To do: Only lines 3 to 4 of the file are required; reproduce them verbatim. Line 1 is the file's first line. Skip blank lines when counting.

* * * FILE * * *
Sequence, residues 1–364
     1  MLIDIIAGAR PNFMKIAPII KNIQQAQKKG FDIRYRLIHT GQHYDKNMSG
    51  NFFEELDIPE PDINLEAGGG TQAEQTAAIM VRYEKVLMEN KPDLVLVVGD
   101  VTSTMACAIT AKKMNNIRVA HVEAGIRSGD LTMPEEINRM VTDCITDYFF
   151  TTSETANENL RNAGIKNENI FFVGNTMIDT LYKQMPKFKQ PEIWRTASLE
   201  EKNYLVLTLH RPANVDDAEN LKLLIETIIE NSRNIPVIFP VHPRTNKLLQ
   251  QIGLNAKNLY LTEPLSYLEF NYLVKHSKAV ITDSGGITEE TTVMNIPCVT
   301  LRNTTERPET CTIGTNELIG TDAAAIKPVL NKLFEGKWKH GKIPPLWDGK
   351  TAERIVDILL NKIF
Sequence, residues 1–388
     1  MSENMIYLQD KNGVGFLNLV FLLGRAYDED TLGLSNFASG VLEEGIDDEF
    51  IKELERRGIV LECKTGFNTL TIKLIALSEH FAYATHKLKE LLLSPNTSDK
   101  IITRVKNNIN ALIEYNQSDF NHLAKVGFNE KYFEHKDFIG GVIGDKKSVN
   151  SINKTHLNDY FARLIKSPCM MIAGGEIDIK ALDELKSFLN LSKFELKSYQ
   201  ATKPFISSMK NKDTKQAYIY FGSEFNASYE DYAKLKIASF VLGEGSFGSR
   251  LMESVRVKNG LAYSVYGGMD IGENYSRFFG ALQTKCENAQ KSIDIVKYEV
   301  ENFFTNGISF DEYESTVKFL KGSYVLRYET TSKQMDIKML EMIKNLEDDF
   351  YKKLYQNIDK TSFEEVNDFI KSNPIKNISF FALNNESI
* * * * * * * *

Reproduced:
    51  NFFEELDIPE PDINLEAGGG TQAEQTAAIM VRYEKVLMEN KPDLVLVVGD
   101  VTSTMACAIT AKKMNNIRVA HVEAGIRSGD LTMPEEINRM VTDCITDYFF